This equities upside short-gamma grab has taken out a ton of ‘bid on the downside’ in equities index, in the case that we were to see any sell-off post a Trump speech disappointment.  This lack of cover-demand on a vacuum-move could see sloppiness develop, as it seems that the data and Fed itself are no longer dictating the market story at this stage – whether stocks, fixed-income or vol.  “Policy” is now firmly “in the driver’s seat,” and that is where I see the least degree of confidence in the market.


I’m worried that this stock ‘melt-up’ move is extraordinarily mechanical right now – almost entirely the aforementioned forced-covering, not high conviction induced-buying – and may be sending a “false signal” which is potentially dragging-in new buying on the breakout to new highs.

As he concludes: “This could lead to a scenario where a market can “collapse under their own weight.

Indeed, because if one removes the forced buying from the “blowing up fund”, there is certainly a long way do

Capture a quick rebound after ER




“技术分析”教科书通常是教大家把止损单通常会设在同时间级别的前一个低位之下。造市商”Market Maker” 想低价买入散户的股票,可以选择直接跳空开盘。吃掉止损单,然后再拉回。华尔街有没有阴谋论?信则有。炒股教科书是谁出版的?想想。

本贴还要讨论怎样用均线和 Stochastic 指标去找支撑,接住飞刀。
(一)用 Stochastic 指标,默认的参数12-3-5。通常在20以下属于“卖超区”;
如果 Stochastic 指标以很快的速度跌入卖超区,再从卖超区 V 型反弹,有可能是一个买点。

均线的参数看个人喜好,有 5-10-20, 或者 20-50-200,或者 9-34-100。

(三)结合均线和 Stochastic; 二合一增加概率。


好了,我们先来复习 Stochastic 指标,看截图省略2万字:

1)Stochastic 属于震荡指标,默认参数 12, 3, 5 (类似 KDJ);
2)所谓震荡指标(Oscillator) 意思是该指标在一个范围内0-100来回震动。
3)大于 80 属于“买超区”,有回调向下的可能;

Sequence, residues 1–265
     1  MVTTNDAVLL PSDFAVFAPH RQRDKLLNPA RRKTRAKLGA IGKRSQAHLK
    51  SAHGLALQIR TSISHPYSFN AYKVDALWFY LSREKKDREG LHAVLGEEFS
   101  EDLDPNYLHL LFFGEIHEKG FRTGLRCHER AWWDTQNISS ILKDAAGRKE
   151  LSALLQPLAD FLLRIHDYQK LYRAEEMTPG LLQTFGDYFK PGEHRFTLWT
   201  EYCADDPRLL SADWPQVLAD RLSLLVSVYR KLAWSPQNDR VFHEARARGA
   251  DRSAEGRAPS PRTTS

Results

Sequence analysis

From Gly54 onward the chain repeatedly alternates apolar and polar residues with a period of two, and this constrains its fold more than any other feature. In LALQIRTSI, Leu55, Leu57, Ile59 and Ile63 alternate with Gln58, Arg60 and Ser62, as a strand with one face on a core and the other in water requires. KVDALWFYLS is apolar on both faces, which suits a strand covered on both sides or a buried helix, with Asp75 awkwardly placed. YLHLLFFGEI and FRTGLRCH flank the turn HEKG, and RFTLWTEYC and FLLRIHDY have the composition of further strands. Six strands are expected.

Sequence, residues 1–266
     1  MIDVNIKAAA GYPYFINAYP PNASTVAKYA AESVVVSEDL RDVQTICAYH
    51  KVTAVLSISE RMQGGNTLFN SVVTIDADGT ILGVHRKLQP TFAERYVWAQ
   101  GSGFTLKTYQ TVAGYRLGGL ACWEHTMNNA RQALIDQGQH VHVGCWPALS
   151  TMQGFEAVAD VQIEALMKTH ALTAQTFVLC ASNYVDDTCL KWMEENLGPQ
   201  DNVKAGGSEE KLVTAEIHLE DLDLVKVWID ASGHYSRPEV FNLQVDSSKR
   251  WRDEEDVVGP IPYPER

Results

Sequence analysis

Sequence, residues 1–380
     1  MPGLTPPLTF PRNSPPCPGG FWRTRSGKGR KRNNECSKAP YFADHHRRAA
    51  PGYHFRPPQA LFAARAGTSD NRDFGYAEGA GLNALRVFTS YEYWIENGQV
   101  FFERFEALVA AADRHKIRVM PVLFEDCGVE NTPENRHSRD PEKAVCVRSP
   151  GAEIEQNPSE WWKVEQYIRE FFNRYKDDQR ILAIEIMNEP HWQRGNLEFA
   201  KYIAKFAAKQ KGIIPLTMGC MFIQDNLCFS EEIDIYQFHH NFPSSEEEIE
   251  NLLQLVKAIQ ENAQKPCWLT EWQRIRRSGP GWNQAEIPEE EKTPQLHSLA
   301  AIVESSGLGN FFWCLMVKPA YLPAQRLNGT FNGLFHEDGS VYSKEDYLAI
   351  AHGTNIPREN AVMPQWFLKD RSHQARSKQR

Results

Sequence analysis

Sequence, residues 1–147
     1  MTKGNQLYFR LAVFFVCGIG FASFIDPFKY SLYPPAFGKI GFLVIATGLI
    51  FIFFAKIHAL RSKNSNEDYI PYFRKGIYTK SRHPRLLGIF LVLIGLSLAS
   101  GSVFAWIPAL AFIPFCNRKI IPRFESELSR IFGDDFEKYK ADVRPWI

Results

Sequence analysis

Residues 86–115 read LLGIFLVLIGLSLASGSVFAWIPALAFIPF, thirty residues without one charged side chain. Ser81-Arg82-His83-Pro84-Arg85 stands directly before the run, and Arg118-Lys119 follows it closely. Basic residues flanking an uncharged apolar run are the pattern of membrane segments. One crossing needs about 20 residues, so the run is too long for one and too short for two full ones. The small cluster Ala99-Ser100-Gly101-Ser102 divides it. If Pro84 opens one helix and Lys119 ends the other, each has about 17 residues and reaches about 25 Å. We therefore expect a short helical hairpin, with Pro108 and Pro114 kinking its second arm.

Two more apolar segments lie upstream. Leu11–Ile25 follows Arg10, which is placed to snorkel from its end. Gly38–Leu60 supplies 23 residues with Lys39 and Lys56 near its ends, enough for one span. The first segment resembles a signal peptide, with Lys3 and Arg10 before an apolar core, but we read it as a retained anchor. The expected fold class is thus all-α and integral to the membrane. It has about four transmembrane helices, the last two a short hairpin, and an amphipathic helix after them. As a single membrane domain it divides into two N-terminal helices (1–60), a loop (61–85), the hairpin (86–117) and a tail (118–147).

4)小于20属于 “卖超区”,有反弹向上可能;
5)上文提到从卖超区 “快速的V型反弹”,什么是才是快速?这个只能靠多看图去理解。


学完 Stochastic 马上再看几个实例:

从 CL “高露洁” 的日线图看到,
1)2017-1-27 财报之前股价遇到 100天均线的阻力。
3)跳空下跌两天后,Stochastic 在卖超区 V 型反弹;股价开始反弹

从 SBUX “星巴克” 的日线图看到,
1)2017-1-27 财报之后直接跳到红色100天均线之下,扫走所有止损单。
2)跳空下跌5天后,Stochastic 指标在卖超区 V 型反弹;股价开始反弹

从 AMZN 亚马逊的日线图看到
1)2017-2-3 财报之后跳空下跌
3)Stochastic 从卖超区 V 型反弹;股价开始反弹

从 SYY 小时图可以看到
1)2017-02-06 开盘前出财报
3)Stochastic 从卖超区 V 型反弹;股价第二天跳空开盘



ERTrack Money Flow 2017-02-10

Continue previous PK.  In Day two MF picks, we made a bad small biotech short and loss the game to WSJ and SPY.  For day 3, ERTrack MF beat WSJ again, but still loss to SPY. In a hindsight, as we used a Delta Neutral trading way, we could not beat SPY if the market is in up trend. We may need buy 7 and short 3, instead of being fully hedged. Here is the Day 3 result:

ERTrack Money FLOW for 2017-02-09

ERTrack Money Flow 2017-02-09

Continue previous PK.  We made a bad small biotech short with ERTrack MF due to the announcement of positive results from a Phase 3 clinical for ACOR, this lead to ERTrack loss the game for two day.  With the two day result sum, both ERTrack and WSJ loss to the S&P500 return.  Some thoughts,  be very careful with Small Cap biotech stock, it is very volatile to news.